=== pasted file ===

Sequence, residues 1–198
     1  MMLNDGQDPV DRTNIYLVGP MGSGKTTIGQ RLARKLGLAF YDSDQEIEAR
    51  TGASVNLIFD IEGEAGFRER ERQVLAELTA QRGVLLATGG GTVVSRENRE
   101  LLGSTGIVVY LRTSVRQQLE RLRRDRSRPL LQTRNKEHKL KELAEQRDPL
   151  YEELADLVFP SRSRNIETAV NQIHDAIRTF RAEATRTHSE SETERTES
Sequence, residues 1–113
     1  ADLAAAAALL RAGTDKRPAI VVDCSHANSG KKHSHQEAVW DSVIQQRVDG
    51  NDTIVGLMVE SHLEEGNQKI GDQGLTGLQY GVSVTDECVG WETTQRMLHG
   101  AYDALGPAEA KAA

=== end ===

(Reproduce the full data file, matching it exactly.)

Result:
Sequence, residues 1–198
     1  MMLNDGQDPV DRTNIYLVGP MGSGKTTIGQ RLARKLGLAF YDSDQEIEAR
    51  TGASVNLIFD IEGEAGFRER ERQVLAELTA QRGVLLATGG GTVVSRENRE
   101  LLGSTGIVVY LRTSVRQQLE RLRRDRSRPL LQTRNKEHKL KELAEQRDPL
   151  YEELADLVFP SRSRNIETAV NQIHDAIRTF RAEATRTHSE SETERTES
Sequence, residues 1–113
     1  ADLAAAAALL RAGTDKRPAI VVDCSHANSG KKHSHQEAVW DSVIQQRVDG
    51  NDTIVGLMVE SHLEEGNQKI GDQGLTGLQY GVSVTDECVG WETTQRMLHG
   101  AYDALGPAEA KAA